The Pull of the Stars summary

The Pull of the Stars summary

The Pull of the Stars summary by Emma Donoghue (Author)

It’s 1918 in Dublin when the Great Flu is raging Ireland. Working at a simple hospital war seems risky and underappreciated. The Nurse Julia Power has to overwork for the understaffed hospital, as both war and the disease nib away at the town. She specializes in taking care of the mothers who have been infected by the terrible flu, and are quarantined together with them.

The other casts include doctor Kathleen Lynn, whom rumor has it that she is running from the law system, and also a young helper called Bridie Sweeney. Day by day, they exert themselves out in the tiny, dark ward. Things take a turn in the span of three days when these women change each other life. The baffling pandemic makes them lose their dear patients but gives them the chance to shepherd the rest into a more hopeful place.

 

It’s amazing how these mothers and carers do their impossible work with humanity and tenderness. The topic is also Emma Donoghue’s specialty: portraying hope and the will to survive against all odds in a trying time. The events in the novel are restricted in only three days, but successfully show how relentless these people are to save lives. Expect to see distress depicted in detail, so vivid that it is excruciating. Through this book, the author shows her thankfulness and love to the women who devote their soul, body, and mind to the wellbeing of others. A relevant this for these days. 

  • Author
  • Editorial Reviews
  • From the Publisher

Biography

author

Born in Dublin in 1969, Emma Donoghue is a writer of contemporary and historical fiction whose novels include the international bestseller "Room" (her screen adaptation was nominated for four Oscars), "Frog Music", "Slammerkin," "The Sealed Letter," "Landing," "Life Mask," "Hood," and "Stirfry." Her story collections are "Astray", "The Woman Who Gave Birth to Rabbits," "Kissing the Witch," and "Touchy Subjects." She also writes literary history, and plays for stage and radio. She lives in London, Ontario, with her partner and their two children.

Review

“Don’t believe history repeats itself? Read this book…an arresting new page turner of a novel… [The Pull of the Stars] takes place almost entirely in a single room and unfolds at the pace of a thriller.”

Karen Thompson WalkerNew York Times

“In doing a deep dive into the miseries and terrors of the past, Donoghue presciently anticipated the miseries and terrors of our present. . . . A deft, lyrical and sometimes even cheeky writer . . . she’s given us our first pandemic caregiver novel -- an engrossing and inadvertently topical story about health care workers inside small rooms fighting to preserve life.”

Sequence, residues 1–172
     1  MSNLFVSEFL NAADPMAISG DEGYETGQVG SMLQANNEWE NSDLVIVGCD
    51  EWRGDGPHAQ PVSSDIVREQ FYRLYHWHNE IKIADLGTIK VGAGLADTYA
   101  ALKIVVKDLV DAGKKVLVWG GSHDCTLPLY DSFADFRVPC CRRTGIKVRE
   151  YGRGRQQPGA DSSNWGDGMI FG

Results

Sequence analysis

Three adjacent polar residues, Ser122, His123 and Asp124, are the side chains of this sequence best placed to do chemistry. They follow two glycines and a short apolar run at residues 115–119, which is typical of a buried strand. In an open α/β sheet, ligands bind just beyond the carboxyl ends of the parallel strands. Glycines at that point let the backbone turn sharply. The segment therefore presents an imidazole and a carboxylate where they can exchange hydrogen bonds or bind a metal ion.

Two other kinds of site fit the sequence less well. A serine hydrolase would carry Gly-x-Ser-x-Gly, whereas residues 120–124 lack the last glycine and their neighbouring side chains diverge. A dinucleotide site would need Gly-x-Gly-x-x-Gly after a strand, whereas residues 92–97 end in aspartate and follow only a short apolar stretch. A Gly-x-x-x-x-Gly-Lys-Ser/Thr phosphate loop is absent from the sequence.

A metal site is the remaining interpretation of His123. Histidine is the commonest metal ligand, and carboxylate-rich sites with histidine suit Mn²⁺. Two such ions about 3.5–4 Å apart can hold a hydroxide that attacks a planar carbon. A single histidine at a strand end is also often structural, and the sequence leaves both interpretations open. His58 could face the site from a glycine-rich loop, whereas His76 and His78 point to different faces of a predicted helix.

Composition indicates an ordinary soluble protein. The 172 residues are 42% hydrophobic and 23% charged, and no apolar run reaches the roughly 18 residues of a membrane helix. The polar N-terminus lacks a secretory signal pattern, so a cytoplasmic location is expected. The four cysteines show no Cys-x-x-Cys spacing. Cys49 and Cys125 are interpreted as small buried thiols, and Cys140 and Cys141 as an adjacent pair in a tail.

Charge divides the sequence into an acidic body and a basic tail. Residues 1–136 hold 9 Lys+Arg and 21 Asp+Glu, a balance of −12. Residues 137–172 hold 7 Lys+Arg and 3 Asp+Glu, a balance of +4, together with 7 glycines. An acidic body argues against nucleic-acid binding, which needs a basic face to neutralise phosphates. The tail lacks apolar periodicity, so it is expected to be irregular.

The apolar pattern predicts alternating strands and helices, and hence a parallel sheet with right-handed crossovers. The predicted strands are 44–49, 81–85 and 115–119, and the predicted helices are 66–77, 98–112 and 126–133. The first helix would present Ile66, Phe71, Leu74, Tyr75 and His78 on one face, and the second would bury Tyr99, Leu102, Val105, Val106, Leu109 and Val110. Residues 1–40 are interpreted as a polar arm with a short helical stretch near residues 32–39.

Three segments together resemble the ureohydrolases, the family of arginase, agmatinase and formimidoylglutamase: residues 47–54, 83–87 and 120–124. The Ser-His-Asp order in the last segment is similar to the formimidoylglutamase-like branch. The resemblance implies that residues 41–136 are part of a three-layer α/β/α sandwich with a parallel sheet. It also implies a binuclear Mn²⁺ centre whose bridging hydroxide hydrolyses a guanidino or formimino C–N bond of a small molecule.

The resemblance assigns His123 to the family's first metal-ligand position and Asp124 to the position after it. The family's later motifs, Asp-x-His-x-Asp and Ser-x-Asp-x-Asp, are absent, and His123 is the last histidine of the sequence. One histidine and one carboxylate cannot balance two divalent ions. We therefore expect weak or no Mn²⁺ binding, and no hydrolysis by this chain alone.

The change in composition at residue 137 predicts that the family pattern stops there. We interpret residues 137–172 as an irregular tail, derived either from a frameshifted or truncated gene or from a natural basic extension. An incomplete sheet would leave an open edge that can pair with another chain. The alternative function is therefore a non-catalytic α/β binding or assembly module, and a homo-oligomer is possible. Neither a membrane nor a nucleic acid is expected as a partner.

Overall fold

Maureen CorriganNPR

“Donoghue has fashioned a tale of heroism that reads like a thriller, complete with gripping action sequences, mortal menaces and triumphs all the more exhilarating for being rare and hard-fought… As in her best-known work, the deservedly mega selling Room, Donoghue infuses catastrophic circumstances with an infectious -- but by no means blind -- faith in human compassion, endurance and resilience.”

Wendy SmithWashington Post

The Pull of the Stars moves with the quickness of a thriller. . . . Donoghue has pulled off another feat: She wrote a book about a 100-year-old flu that feels completely current, down to the same frustrations and tensions and hopes and dangers. And she did it without even knowing just how relevant it would be -- how well and frighteningly her own reimagining of a historical catastrophe would square with our actual living experience of its modern sequel.”

Carolyn KelloggLos Angeles Times

“[Donoghue] conjures up a claustrophobic space -- And into it she brings the world. . . Our collective memory is now a little better anchored, a little more vivid -- thanks to Emma Donoghue.”

Laura SpinneyWired

“A visceral, harrowing, and revelatory vision of life, death, and love in a time of pandemic. This novel is stunning.”

Emily St. John Mandel, author of The Glass Hotel and Station Eleven

“Captures the reality and valor of frontline women during a global health crisis.”

Parade

"Echoes of our current catastrophe abound -- social distancing and confusing messaging among them -- but the heroine copes with so many turn-of-the-century medical horrors that you’ll hardly remember you’re reading a pandemic novel in the first place."

Entertainment Weekly

"With an urgency that brilliantly captures the high-stakes horror and exhilaration of life on a pandemic’s front lines, the Room author centers her latest spine-tingler on a maternity ward nurse charged with keeping new mothers -- and herself -- safe as the 1918 Great Flu sweeps Ireland."

O Magazine

“Captivating . . . outstanding . . . This intense and intimate novel unfolds over three days. But we would gladly spend longer with Julia, watching her in awe as she grapples with life and death in her ‘small square of the sickened, war-weary world.’”

Minneapolis Star-Tribune